Many private equity firms rarely hire straight out of college — traditionally opting to take their pick of associates after they spend a couple years at investment banks.
But as competition for talent heats up and timelines to hire associates compress, big PE firms including KKR, Blackstone and Bain Capital, are ramping up college outreach and casting a wider net.
These firms hit up many of the usual suspects — Harvard, Columbia, and other Ivy League-schools — but others including Southern Methodist University (SMU), Boston College, and University of North Carolina are getting a piece of the action.
And some colleges have been positioning for the shift by building specialized undergrad programs and making overtures to PE firms big and small.
Through insiders including recruiters, academic advisers, PE hiring executives, as well as public sources like LinkedIn, Business Insider gathered some of the schools outside of the Ivy League where private equity is scouting future stars.
We put together a look at what some colleges are doing, and a firm-by-firm glance at where the biggest PE shops have been recruiting.
To be sure, many firms are largely still refraining from recruiting undergraduate investment analysts, and outreach and programs at schools do not ensure promises of actual placement. And firms are keeping hiring classes small — even some of the bigger names hire only a handful of people — so the field is extremely competitive.
Bain Capital, for one, started college recruiting a little over a decade ago but has told us that this year is shaping up to be its busiest undergraduate season ever. The Carlyle Group, though, only recruits analysts for non-investment positions — namely, fund management and accounting.
The outreach reflects private equity firms’ push to diversify their ranks, as well as an effort to beat competitors to promising talent early on, insiders said. Firms are also taking advantage of technology like webinars to hit a wider range of schools.
“There has been a noticeable change this year with the really large PE shops starting to recruit college grads and starting internship programs,” William Maxwell, a finance professor at the Cox School of Business at SMU, told Business Insider.
SMU is one school where PE firms, including KKR, have been looking, a process where Maxwell has clear line of visibility, given his role overseeing an honors program dedicated to alternative asset management. He said about 50 students from the program go into investment banking ever year, but private equity is increasingly showing up at the doorstep.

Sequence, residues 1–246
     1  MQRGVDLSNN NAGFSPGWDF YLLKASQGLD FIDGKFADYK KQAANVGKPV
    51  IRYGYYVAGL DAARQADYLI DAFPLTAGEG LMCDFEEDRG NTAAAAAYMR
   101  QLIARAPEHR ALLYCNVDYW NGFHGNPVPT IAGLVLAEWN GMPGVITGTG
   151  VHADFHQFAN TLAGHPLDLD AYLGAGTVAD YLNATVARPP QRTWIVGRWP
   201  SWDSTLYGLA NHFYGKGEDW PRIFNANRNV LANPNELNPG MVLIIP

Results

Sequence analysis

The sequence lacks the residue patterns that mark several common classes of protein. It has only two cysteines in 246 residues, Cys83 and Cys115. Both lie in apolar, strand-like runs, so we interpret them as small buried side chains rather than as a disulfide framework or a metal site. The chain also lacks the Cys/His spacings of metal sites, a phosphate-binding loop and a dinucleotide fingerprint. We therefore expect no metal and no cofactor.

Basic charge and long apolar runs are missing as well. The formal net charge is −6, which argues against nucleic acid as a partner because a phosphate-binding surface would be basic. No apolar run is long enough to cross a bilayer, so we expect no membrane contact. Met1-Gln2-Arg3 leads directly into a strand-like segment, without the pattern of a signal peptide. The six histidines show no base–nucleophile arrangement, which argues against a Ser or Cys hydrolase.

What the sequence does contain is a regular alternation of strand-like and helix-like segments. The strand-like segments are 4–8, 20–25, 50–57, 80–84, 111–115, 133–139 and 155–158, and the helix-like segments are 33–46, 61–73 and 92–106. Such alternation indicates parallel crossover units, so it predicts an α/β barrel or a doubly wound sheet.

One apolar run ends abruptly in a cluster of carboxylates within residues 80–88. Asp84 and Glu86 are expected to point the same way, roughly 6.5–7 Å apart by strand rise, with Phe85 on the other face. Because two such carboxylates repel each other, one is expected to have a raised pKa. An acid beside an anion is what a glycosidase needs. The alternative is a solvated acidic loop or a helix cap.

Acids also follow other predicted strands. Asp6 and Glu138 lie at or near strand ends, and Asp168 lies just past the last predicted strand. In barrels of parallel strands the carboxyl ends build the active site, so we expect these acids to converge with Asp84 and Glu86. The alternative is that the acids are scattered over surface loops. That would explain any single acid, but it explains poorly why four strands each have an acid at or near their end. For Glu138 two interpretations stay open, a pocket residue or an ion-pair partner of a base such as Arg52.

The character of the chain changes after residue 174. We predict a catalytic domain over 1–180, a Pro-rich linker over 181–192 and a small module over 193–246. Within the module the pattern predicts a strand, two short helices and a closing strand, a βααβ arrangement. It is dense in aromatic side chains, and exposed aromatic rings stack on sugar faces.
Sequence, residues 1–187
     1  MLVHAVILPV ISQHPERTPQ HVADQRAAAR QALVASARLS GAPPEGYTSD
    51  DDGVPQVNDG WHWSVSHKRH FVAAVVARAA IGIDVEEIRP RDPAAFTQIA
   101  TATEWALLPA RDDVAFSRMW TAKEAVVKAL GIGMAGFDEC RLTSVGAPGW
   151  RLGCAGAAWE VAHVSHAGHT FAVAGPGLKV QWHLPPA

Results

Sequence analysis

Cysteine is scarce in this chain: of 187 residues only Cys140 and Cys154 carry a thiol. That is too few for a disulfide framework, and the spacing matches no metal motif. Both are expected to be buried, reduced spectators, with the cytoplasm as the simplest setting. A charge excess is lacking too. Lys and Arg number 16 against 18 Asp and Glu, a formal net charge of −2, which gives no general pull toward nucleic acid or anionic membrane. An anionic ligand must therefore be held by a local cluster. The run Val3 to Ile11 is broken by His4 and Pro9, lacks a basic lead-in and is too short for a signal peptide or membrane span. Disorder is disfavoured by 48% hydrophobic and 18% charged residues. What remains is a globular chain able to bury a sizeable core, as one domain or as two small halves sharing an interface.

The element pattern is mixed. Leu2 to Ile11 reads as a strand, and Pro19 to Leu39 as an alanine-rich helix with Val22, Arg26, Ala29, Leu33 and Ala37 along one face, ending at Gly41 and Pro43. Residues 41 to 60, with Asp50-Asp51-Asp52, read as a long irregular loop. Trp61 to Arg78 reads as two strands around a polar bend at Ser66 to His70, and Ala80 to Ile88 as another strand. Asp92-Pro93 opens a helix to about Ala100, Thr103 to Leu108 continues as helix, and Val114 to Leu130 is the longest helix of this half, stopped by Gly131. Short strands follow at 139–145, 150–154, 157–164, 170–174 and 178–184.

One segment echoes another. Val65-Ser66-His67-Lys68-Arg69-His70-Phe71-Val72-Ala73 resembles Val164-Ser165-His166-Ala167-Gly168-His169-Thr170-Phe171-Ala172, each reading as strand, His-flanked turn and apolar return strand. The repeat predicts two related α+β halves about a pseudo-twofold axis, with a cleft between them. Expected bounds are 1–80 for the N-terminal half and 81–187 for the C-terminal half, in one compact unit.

“Some firms are determined to get first shot,” he said.
Shawn Munday, a finance professor at the University of North Carolina Chapel Hill’s Kenan-Flagler School of Business, has observed a similar scene. Private equity firms including Blackstone, Roark Capital and Falfurrias Capital, are showing up at UNC to directly recruit undergrads, he said.
“As a result, we’ve adapted to stay in front of this trend,” said Munday.
Over the past four years, UNC has added a curriculum for undergraduates to educate about the buy side, including courses covering how to evaluate deals and model leveraged buyouts. The school also offers boot-camp training, giving students the opportunity to source deals and build cases to invest for a UNC portfolio fund.
Amy Donegan, an undergraduate career adviser at Boston College, said that three years ago, the school did not see any noticeable PE undergraduate recruiting. This year, four PE firms — Broad Haven, Summit, Vista Equity Partners and TM Capital — are slated to recruit on campus in the fall.
“A lot of the students coming into these positions out of undergrad have the technical skills they need anyway,” said Donegan, who noted they have quant-heavy resumes, with skills in data analytics and Python.
And last year, Kansas State launched a program focused on preparing undergraduate students who want to become analysts either at an investment bank or private equity firm.
“We are offering a new class in portfolio management, and giving students a stronger, more in-depth look at the valuation process,” said Ansley Chua, a finance professor at Kansas State.
The Kansas State program seats 10 people and some smaller PE firms have hired Chua’s students, though he would like to double the program’s size and place students at larger firms in cities like New York and San Francisco.
Chua said he has been in touch with alumni members, including Paul Edgerley, a senior adviser at Bain Capital, who has hosted students at the private equity firm in Boston for informational sessions. (Edgerely and his wife Sandra contributed $20 million to the school earlier this year.)